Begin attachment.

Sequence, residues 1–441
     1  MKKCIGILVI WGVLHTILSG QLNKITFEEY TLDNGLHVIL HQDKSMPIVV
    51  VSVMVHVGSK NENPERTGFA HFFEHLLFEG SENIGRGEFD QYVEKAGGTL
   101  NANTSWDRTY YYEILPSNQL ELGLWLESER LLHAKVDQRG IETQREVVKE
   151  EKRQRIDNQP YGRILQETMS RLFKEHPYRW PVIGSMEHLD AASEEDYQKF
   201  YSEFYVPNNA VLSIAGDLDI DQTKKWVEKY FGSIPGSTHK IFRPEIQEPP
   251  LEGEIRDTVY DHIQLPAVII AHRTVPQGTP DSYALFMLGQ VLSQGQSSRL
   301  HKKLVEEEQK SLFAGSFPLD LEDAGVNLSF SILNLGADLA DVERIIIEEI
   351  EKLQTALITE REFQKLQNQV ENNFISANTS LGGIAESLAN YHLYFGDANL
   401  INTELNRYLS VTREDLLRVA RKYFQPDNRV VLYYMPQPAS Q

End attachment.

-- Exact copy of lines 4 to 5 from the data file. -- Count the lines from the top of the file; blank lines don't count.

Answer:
   101  NANTSWDRTY YYEILPSNQL ELGLWLESER LLHAKVDQRG IETQREVVKE
   151  EKRQRIDNQP YGRILQETMS RLFKEHPYRW PVIGSMEHLD AASEEDYQKF